Your vet will first make sure your kitten’s heartbeat and breathing are stable, then perform a full physical examination to assess your kitten’s injuries and determine if any of those injuries are life-threatening. Your vet may also do some diagnostic testing, such as x-rays to look at the lungs, and electrocardiogram to evaluate your kitten’s heart rhythm, and blood work to measure oxygen levels.

Following a severe electrocution, the veterinarian will want to keep your kitten overnight to watch for pulmonary edema. If your kitten is presenting signs of this condition, diuretic medications will be prescribed to flush the fluid from your cat’s body through the urine. Before you can take your kitten home, a series of tests will be conducted to ensure all vitals are back to normal.


After an electrical shock, if your kitten has burns in or around their mouth, they may be hesitant to eat dry food. Try feeding them softer or liquefied foods until the wounds have healed. Check your kitten’s burns for signs of infection like abnormal discharge, bad smells, and swelling.


Keep all electrical cords out of paw’s reach and replace any that are worn or frayed; any exposed wires can cause serious damage and be fire hazards. Consider placing child-proof protective covers on all wall sockets to ward off curious paws.

Keeping your home safe from any hazards is important to protect your kitten. Electric shocks can be life-threatening for kittens’ small bodies. If your kitten has been electrocuted, seek veterinary attention as soon as you can to ward off dangerous complications like pulmonary edema.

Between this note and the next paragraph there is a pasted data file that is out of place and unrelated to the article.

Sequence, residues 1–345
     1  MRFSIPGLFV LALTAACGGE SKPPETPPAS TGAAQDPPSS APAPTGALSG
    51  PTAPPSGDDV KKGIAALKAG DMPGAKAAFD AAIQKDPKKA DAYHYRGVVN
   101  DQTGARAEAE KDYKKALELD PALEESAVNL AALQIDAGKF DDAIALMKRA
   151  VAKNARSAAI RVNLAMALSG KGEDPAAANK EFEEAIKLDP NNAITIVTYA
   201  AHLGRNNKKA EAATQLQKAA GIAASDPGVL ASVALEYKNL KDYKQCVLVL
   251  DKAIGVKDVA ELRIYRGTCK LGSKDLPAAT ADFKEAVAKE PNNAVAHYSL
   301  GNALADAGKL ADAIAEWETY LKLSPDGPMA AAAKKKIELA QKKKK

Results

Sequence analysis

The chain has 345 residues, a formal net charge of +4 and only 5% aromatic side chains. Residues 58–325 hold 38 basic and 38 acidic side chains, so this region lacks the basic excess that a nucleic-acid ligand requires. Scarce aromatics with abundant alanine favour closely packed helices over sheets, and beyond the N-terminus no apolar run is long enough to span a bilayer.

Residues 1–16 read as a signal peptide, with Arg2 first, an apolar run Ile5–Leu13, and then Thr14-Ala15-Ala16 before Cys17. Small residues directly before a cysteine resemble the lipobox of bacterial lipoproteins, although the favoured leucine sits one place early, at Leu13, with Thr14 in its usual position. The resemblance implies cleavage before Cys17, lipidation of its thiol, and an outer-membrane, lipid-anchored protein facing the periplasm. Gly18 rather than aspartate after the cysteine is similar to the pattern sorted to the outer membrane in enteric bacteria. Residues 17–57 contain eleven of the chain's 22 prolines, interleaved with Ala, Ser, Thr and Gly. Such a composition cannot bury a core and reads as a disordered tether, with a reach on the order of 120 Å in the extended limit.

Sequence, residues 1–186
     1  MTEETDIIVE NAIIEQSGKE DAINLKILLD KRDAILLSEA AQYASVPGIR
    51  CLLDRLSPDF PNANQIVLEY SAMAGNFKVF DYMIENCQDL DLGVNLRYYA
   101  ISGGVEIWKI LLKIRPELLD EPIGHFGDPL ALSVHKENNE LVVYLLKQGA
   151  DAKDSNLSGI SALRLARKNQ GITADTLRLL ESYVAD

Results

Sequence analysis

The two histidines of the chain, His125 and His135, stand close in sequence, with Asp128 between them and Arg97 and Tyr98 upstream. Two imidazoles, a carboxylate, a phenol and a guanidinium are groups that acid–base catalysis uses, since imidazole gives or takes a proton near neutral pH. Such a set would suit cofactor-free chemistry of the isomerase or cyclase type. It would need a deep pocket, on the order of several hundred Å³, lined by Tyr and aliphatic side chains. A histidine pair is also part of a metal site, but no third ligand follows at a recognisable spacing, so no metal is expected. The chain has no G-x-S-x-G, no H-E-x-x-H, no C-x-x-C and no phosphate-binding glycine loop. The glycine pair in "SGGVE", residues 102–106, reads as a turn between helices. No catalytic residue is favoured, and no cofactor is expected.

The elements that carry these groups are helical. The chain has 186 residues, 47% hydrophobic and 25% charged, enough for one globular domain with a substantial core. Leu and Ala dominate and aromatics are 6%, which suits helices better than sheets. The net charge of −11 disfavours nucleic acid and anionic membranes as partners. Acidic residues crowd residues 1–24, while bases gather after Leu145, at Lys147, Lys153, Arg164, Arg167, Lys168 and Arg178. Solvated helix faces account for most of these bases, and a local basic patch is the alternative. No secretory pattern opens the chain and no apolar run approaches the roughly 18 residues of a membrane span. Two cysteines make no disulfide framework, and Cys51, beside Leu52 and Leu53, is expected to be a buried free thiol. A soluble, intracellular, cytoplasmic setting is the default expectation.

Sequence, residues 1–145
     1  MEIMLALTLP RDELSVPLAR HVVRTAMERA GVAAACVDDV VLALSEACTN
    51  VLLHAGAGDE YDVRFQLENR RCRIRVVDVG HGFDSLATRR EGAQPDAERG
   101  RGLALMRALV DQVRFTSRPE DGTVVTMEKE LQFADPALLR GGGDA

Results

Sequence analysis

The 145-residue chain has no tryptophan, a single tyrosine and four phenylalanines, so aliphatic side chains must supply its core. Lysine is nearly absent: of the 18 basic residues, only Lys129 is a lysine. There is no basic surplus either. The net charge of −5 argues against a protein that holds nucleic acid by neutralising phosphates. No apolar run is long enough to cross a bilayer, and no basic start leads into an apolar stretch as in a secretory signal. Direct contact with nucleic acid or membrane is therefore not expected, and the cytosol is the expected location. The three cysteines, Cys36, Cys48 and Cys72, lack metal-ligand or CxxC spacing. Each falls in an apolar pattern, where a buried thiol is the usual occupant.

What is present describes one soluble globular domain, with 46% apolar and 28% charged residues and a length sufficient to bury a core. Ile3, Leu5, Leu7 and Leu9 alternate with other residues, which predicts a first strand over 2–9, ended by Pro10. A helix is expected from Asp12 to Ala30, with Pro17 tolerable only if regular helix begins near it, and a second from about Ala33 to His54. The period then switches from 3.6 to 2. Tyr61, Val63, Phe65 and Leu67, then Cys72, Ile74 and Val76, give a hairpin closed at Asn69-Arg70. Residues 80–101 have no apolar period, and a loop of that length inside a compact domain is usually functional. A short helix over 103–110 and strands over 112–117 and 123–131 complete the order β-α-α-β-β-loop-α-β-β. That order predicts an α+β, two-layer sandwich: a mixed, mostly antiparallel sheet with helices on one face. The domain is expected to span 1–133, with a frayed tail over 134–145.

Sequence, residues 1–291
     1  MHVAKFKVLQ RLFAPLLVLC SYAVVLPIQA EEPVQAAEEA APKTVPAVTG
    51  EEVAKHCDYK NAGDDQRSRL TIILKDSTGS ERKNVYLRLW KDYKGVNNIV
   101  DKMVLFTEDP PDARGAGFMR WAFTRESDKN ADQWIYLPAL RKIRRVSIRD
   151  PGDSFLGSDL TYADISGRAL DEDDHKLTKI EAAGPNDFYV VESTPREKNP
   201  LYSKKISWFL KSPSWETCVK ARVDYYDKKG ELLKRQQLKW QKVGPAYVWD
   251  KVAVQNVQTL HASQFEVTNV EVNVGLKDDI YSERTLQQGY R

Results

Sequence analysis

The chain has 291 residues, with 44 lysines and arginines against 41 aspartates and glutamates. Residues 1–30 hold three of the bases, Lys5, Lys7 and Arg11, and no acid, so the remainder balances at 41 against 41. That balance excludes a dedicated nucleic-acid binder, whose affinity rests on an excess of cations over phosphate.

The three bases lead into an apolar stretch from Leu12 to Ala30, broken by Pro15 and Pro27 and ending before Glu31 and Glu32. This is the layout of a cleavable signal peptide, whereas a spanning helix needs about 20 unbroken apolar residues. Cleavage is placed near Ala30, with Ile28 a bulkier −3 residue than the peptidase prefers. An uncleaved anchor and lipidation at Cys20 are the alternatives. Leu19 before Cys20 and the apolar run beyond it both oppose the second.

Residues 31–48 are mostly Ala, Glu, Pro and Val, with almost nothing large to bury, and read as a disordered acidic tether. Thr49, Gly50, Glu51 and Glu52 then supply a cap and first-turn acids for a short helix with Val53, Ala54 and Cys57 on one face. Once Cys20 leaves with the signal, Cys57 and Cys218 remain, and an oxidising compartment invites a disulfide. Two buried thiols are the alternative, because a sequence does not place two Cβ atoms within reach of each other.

The content is not intended to be a substitute for professional veterinarian advice, diagnosis, or treatment. Always seek the advice of your veterinarian or other qualified health provider with any questions you may have regarding a medical diagnosis, condition, or treatment options.

colleen williams
By Colleen Williams

Over the past decade, Colleen has written about health, wellness, beauty, and even pets for The New York Times, The Cut, Refinery29, xoVain, Healthy Paws Pet Insurance, and Seattle Met Magazine, as well as many beauty brands. She has a BFA in Art History from the University of New Mexico and an AAS in Fashion Design from Parsons School of Design in New York.

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joanna pendergrass
By JoAnna Pendergrass, DVM

JoAnna Pendergrass, DVM, is a veterinarian and freelance medical writer in Atlanta, GA. After graduating from the Virginia-Maryland College of Veterinary Medicine with her veterinary degree, JoAnna completed a 2-year research fellowship in neuroscience at Emory University. During this fellowship, she learned that she could make a career out of combining her loves of science and writing. As a medical writer, JoAnna is passionate about providing pet parents at Healthy Paws with clear, concise, and engaging information about pet care. Through her writing, she strives not only to educate pet parents, but also empower them to make good health decisions for their pets. JoAnna is a member of the American Medical Writers Association.